Tag Archives: colorectal cancer deaths

New Colorectal Cancer Cases Dropping in 2010

In 2010, experts predict that 4,400 fewer Americans will be diagnosed with colon and rectal cancer than in 2009. According to new American Cancer Society statistics for 2010, 142,570 people will hear the difficult words, “You have colorectal cancer”, down from 146,970 in 2009. Still, 51,370 families will get painful news when loved ones die from colorectal cancer. Continuing this year, African Americans are more likely to develop colorectal cancer than whites and other races, to die of it, and to have poorer survival at every stage of the disease.

Colonoscopies Not Perfect in Stopping Colorectal Cancer Deaths

The percentage of colorectal cancer deaths prevented by colonoscopy may be overestimated. While still very effective in preventing colorectal cancer and deaths from the disease, limits of the test may be larger than previously thought.  Patients need to know that having colonoscopy does not guarantee that they won’t get colorectal cancer. Experts now say that screening colonoscopy may reduce death from colorectal cancer by 60 to 70 percent and may not keep patients from dying from cancers on the right side of their colons at all. A new Canadian study found that some people who died of colorectal cancer had a colonoscopy in the years before their cancer diagnosis.  A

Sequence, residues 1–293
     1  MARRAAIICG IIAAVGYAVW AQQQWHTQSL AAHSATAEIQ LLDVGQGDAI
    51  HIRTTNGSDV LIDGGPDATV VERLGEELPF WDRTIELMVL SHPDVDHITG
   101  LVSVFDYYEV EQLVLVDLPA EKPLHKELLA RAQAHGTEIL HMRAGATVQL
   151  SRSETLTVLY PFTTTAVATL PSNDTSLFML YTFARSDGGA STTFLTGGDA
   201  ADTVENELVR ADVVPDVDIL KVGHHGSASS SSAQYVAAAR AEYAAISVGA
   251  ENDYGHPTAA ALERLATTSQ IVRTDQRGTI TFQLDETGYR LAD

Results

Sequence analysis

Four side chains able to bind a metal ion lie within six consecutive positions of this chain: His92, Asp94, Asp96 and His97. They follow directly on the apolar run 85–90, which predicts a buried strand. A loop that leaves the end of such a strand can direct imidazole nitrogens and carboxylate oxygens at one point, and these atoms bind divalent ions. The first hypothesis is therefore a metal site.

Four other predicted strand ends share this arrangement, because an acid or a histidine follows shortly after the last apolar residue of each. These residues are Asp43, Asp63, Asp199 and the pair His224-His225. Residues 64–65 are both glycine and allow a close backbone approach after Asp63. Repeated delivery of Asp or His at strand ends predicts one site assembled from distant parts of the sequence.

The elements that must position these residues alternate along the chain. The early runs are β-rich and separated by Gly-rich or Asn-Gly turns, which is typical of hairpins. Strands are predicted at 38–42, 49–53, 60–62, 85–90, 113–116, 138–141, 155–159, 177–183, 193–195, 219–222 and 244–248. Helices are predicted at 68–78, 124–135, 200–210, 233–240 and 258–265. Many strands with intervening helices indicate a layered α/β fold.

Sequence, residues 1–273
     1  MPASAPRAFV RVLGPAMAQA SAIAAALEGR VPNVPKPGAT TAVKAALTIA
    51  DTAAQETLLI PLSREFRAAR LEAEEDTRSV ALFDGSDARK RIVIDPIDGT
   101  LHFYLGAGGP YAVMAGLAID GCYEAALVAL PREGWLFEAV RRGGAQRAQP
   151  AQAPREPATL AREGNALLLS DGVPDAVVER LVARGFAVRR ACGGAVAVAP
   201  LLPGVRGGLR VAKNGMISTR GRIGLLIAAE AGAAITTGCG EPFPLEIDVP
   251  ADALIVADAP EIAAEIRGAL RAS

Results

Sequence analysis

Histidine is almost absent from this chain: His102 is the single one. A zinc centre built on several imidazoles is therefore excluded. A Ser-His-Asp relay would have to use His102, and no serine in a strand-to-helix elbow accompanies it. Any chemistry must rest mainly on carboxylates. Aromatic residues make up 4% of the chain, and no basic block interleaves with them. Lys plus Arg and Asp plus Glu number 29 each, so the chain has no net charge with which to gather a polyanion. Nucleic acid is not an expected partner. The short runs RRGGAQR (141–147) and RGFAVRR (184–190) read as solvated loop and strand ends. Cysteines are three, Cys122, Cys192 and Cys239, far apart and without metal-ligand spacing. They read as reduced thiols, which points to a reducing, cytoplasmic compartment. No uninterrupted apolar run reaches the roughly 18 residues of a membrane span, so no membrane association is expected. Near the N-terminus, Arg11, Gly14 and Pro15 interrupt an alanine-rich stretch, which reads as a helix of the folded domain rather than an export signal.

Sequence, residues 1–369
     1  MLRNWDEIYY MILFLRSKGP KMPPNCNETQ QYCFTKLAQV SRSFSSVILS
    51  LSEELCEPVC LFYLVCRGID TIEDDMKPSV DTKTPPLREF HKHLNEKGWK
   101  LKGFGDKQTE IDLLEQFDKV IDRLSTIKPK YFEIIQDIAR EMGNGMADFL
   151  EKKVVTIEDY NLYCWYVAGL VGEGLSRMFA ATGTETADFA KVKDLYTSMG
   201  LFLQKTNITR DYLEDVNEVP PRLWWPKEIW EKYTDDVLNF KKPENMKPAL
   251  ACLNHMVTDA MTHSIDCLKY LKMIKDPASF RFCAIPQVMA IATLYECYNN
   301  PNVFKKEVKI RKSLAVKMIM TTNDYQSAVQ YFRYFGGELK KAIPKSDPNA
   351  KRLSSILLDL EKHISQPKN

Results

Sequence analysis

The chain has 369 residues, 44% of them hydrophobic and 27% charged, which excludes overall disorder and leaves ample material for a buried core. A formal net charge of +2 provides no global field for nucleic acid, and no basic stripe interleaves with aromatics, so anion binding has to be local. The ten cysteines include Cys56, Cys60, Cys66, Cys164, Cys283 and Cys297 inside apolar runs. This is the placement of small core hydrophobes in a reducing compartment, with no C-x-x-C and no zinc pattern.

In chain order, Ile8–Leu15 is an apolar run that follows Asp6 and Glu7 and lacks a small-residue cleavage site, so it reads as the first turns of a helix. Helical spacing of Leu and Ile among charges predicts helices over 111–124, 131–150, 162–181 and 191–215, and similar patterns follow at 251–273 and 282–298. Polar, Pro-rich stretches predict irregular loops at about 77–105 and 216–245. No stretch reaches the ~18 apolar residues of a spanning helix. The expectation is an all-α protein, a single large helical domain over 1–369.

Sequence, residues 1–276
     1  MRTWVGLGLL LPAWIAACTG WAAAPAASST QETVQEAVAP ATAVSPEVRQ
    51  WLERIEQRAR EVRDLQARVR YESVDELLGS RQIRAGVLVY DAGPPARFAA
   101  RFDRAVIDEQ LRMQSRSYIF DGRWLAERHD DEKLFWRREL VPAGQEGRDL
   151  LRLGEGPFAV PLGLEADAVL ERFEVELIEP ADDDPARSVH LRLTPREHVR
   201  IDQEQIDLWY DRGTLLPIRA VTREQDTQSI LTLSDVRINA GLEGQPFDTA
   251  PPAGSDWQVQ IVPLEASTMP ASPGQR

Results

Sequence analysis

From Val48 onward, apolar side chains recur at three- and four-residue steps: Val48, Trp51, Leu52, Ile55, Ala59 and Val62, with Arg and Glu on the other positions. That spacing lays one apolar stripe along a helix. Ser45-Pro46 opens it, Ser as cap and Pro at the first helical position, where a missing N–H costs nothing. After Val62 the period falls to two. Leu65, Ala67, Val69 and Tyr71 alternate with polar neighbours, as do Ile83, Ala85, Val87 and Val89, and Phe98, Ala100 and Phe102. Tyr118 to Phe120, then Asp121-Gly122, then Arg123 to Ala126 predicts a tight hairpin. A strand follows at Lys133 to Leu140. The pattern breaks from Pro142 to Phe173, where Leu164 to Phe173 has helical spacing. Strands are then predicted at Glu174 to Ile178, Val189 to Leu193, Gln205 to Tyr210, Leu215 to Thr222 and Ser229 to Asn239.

Rates for New Cancers Go Down for the First Time

Led by dropping rates of lung, breast, and colorectal cancer, the incidence rate of all new cancers in the United States is falling for the first time.  While overall cancer death rates have been decreasing since the early 1990′s, this is the first time that rates of new cancer diagnoses are also declining. In the Annual Report to the Nation, the rate of newly diagnosed cancer fell 1.7 percent per year between 2001 and 2005.  Death rates for all cancers combined fell 1.8 percent annually during the same time period. Both incidence of new colorectal cancers and colorectal cancer death rates continued to decline with the new report.  Between 1998

Decreases in Cancer Deaths Limited to Highly-Educated

For people from 25 to 64, U. S. death rates from the four major cancers — lung, breast, prostate, and colorectal — have decreased steadily from the early 1990′s.  However, with a single exception, those declines have been limited to people with at least 12 years of education. For colon and rectal cancer, death rates for those with at least 16 years of education declined significantly for men and women, both black and white.  However, death rates did not change at all for white men, white women or black women who had less than a high school education.  Death rates for black men with less than 12 years of education

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